I’m not one to ask people to do something I won’t do. So, here’s our household’s subscription list:

  • The Winnipeg Free Press
  • The Clipper (It was Mark’s editorial that prompted me to pick up the phone today and subscribe)
  • Canada’s National Observer
  • Geez Magazine (which used to be Winnipeg Based but is since moved south of the border)
  • The New York Times (US)
  • The Guardian (UK)

As an aside, I also highly recommend contributing to the The Conversation Canada. They’ve got a great blog and daily email.

Access to independent, high-quality, authenticated, explanatory journalism underpins a functioning democracy. Our aim is to allow for better understanding of current affairs and complex issues. And hopefully allow for a better quality of public discourse and conversations.

The Conversation

Evaluating Media

I’ve mentioned this site before, over on our Green Party Provencher site, but there are some great tools out there for evaluating media.

Ad Fontes Media is one that I’ve really come to enjoy. They rank media based on left/right bias and on journalistic integrity, from very reliable to complete fantasy.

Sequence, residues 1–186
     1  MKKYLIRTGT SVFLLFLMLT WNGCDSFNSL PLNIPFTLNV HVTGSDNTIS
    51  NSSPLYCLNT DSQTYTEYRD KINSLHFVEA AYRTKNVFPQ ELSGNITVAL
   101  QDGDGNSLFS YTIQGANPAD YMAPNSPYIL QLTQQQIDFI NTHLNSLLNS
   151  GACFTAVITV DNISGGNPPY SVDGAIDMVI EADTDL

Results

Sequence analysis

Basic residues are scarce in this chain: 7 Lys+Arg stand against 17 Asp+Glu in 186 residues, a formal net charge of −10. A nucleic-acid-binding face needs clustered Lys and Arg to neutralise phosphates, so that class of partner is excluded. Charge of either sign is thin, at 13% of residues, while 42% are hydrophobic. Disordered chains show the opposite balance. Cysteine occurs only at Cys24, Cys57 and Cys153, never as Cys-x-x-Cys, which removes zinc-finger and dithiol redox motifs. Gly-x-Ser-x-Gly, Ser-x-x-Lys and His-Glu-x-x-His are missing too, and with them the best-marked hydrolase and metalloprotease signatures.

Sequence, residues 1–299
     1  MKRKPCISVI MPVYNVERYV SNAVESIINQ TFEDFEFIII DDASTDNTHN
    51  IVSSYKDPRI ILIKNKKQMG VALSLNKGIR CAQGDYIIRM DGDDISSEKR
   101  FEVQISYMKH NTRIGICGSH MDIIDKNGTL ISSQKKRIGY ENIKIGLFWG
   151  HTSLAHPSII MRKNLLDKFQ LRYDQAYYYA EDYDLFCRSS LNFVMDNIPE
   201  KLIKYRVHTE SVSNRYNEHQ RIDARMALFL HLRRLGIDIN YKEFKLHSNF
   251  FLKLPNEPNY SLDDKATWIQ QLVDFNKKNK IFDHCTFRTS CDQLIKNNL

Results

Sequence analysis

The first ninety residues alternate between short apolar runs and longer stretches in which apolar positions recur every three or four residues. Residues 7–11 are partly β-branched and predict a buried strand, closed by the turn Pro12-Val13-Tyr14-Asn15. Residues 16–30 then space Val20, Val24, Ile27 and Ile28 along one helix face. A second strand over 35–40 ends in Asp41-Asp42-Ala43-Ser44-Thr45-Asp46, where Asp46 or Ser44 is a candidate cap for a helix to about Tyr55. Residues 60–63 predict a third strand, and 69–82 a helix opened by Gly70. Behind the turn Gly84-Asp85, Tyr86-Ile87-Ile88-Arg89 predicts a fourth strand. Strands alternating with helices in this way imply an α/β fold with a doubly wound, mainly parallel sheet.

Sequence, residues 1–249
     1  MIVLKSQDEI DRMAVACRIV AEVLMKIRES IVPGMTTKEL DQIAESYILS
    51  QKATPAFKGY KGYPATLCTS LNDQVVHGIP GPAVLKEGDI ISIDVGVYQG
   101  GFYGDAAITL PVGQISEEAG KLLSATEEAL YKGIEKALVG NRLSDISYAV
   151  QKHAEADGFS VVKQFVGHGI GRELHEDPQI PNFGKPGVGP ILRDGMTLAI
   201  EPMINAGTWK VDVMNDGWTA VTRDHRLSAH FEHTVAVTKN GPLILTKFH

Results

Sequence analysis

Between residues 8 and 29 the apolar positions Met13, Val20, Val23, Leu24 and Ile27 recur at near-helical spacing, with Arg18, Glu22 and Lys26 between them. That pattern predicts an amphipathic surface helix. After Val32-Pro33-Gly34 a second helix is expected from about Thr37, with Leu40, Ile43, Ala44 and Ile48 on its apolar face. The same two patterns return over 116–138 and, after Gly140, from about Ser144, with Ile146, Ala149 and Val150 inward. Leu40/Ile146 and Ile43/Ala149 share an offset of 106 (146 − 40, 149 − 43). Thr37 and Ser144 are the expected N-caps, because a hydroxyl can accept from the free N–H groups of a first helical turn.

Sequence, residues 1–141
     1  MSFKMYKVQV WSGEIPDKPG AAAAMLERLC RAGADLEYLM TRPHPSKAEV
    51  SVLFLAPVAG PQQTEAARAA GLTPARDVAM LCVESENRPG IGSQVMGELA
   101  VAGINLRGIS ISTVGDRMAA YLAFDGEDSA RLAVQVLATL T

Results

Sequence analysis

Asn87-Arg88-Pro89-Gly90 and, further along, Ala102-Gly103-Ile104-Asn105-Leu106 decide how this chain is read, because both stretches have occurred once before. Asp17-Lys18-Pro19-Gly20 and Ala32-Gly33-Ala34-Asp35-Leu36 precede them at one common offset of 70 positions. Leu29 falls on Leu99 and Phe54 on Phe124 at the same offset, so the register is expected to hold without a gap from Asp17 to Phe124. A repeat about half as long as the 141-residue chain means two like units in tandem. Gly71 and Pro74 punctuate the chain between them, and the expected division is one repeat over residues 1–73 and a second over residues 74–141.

The site is strictly US based media. But once you poke around a bit you can probably figure out where Canadian media lies on the chart. If I had all the time in the world, I’d be volunteering to start a Canadian Ad Fontes operation.

I’ve taken their 8 week media bias course, too. It was really insightful. And I’m here to tell you that complaints about the “legacy media” is a complete lie.

There is good journalism out there. But it will only be reliable if we make the choice to invest in it.


  1. Good analyses. Helpful. Thanks Blair.

  2. Thanks for these excellent thoughtful perspectives and recommendations Blair, much appreciated!